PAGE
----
Autonomous shipping requires a sense of urgency

The technology behind autonomous shipping is already available. The current legal framework and principles of liability can probably be translated to autonomous shipping without the need for huge changes. There is also a plentiful supply of capital. However, is the market ready for autonomous shipping and is there a sense of urgency to help speed up developments?

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These were the main takeaways from the online Masterclass that was held by the Rotterdam Maritime Capital of Europe Network and the Rotterdam Maritime Services Community on December 9 about the perspectives of maritime business services providers on autonomous shipping.

During the Masterclass, Charlie Weatherill (The Shipowners’ Club, on behalf of DUPI Underwriting Agencies), Willemijn Putz (Boonk Van Leeuwen Advocaten), Frank Stevens (Erasmus School of Law) and Michael de Visser (NIBC Bank) discussed the challenges that need to be addressed in the field of regulation, jurisdiction, financing and insurance in order to successfully bring about autonomous shipping.

Moderator Jorn Douwstra (Rotterdam Partners) invited the experts to share their vision on the role and importance of maritime business services in making autonomous shipping a reality. After setting the scene, online participants were treated to a range of inspiring insights and industry analysis.

Learn more about autonomous shipping in the Rotterdam region.

Legal perspective

Professor Frank Stevens kicked off by explaining that autonomy can be defined in different ways for different levels. It has everything to do with the level of human involvement. Autonomous shipping is currently in the physical testing and experimental phase. Stevens champions the idea of creating a legal testing ground for autonomous shipping and thankfully, the first steps are now being put in place to allow such experimentation and testing in the Netherlands.

Frank Stevens and Willemijn Putz agreed that conventions and principles of liability can be translated to autonomous shipping without too much difficulty. According to Putz, although current (international) legislation would seem to be reasonably adequate, it will be interesting to see what happens when the first claims are filed.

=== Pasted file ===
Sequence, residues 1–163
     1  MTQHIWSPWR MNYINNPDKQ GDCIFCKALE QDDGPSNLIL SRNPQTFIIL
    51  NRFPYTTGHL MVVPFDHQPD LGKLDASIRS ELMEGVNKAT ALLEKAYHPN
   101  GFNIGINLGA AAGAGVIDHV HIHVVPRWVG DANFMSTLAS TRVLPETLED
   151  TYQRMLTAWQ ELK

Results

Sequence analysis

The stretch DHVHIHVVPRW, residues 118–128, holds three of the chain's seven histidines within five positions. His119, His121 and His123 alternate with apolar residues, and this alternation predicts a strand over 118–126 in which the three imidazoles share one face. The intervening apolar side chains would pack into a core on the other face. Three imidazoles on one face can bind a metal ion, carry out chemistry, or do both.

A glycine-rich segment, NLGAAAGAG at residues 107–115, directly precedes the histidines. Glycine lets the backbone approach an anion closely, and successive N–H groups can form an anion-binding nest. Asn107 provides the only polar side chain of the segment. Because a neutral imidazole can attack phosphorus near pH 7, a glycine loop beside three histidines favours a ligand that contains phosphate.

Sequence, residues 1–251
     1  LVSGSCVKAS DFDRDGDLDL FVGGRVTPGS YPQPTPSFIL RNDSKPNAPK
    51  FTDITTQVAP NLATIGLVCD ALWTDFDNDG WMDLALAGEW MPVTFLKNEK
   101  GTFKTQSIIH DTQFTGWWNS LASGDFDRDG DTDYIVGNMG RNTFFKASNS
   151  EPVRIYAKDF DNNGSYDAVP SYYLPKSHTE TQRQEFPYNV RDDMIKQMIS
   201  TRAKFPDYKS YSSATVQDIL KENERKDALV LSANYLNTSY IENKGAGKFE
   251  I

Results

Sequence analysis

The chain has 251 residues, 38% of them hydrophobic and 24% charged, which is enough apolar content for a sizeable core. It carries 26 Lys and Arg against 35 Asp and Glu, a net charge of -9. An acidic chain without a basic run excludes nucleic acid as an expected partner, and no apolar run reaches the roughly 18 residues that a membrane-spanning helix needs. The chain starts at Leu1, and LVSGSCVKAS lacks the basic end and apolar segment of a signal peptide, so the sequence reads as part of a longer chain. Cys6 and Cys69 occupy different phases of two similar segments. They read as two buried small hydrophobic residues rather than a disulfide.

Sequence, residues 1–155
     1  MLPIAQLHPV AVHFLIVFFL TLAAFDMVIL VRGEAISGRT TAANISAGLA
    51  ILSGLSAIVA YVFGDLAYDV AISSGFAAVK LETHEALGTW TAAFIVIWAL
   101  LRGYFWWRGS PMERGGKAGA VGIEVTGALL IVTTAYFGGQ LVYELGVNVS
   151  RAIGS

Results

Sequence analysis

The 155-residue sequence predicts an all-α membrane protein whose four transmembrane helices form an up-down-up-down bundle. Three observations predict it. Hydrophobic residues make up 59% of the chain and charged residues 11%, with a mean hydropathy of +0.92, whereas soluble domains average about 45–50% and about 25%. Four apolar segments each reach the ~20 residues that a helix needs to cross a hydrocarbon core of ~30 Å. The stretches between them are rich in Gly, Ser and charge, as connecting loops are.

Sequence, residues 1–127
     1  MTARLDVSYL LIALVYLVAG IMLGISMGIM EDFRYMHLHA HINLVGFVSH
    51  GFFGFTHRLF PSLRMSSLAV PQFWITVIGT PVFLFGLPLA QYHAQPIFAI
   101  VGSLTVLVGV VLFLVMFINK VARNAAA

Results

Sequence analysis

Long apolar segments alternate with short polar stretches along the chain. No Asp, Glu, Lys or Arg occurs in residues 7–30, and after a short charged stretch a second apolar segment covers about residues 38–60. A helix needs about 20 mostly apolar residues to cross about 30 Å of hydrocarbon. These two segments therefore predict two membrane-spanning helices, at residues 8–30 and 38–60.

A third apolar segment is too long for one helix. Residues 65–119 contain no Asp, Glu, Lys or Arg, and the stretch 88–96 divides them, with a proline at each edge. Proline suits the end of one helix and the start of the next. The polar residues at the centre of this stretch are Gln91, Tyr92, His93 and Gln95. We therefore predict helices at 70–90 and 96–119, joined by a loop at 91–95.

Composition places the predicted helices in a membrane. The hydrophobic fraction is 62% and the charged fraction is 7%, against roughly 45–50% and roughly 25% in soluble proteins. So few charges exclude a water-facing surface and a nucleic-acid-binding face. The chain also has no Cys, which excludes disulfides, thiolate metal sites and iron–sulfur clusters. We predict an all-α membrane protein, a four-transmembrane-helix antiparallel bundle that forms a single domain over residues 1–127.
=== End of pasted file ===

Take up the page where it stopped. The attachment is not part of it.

Stevens also believed that cyber security issues should be top-of-mind in the early design stages for autonomous vessels and systems. This step is crucial since in matters of liability, legal experts tend to look more closely at what measures were introduced to prevent cyber risks at the design stage. This is particularly so in the case of autonomous digital systems.

As far as this topic was concerned, Charlie Weatherill wondered how reduction of crew induced risks would play out in ten years in relation to cyber security risks and whether these risks would be smaller than the risks currently being posed on manned seagoing vessels today.

Ample capital is available

It is common practice for financing decisions to take into account insurances, operational aspects and track records for vessel types. Moreover, banks value assets to structure a loan. When it comes to new types of infrastructure, such as autonomous vessels, a great deal of uncertainty abounds, so it is difficult to calculate risk and financing models.

Michael de Visser explained that whilst ample capital is available, financiers are only willing to invest if the risks are transparent. As this is not currently the case, he sees a role set aside for government backed finance. On the other hand, he was keen to emphasize that in some other industries, risk-tolerant players have taken their chances and come out on top, TESLA being the best example.

Sense of urgency

The speed and level of success for realizing autonomous shipping would seem to be dependent, at least in part, on a sense of urgency being shown amongst traders and charterers. Michael de Visser believed they will have to acknowledge the advantage of autonomous shipping, otherwise things will be difficult. These players focus mainly on moving cargo from A to B, whilst maximizing their (cost-)efficiencies, being less interested in how the cargo is transported. In other words: is there really a need for autonomous shipping? Successful innovation and collaboration in autonomous shipping therefore requires a sense of urgency, in much the same way as with emission-free shipping.

Interested in the ins and outs?

Watch the Masterclass recording and inspire yourself!